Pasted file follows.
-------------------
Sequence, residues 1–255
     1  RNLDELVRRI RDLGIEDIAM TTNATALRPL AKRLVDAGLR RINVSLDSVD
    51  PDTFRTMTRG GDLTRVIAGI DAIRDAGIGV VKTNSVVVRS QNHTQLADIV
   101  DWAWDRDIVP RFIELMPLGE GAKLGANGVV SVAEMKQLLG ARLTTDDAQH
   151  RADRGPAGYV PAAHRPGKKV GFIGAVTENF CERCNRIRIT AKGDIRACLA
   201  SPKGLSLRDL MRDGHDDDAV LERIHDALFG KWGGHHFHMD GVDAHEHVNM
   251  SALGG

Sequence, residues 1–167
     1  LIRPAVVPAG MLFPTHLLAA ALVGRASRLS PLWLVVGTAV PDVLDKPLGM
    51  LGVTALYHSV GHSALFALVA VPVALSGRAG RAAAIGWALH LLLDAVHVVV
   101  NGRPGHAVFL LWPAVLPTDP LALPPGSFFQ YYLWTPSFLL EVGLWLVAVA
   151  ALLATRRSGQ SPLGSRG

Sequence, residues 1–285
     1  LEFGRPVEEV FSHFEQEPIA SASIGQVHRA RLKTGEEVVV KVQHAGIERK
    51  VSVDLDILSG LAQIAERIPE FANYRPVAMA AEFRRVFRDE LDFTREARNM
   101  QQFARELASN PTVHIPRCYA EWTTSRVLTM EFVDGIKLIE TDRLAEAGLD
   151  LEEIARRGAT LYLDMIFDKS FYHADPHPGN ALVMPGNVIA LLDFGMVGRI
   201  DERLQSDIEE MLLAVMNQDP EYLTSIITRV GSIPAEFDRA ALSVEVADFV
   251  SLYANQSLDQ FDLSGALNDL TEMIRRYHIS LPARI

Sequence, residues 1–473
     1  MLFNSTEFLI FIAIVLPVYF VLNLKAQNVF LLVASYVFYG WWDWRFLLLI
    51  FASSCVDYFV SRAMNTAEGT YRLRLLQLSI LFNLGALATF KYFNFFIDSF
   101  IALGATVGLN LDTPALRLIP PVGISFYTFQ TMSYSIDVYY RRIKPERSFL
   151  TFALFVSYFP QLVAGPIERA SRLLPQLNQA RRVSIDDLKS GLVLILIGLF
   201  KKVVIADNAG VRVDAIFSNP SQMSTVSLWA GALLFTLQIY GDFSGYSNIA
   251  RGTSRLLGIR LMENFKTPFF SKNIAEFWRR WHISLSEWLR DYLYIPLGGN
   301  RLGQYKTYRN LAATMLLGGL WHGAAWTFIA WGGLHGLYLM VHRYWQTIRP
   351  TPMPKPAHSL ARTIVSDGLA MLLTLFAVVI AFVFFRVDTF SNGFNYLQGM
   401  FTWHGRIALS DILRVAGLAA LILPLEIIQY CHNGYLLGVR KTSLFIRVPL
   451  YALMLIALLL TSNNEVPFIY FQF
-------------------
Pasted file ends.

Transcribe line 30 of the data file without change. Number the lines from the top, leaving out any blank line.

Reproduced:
   451  YALMLIALLL TSNNEVPFIY FQF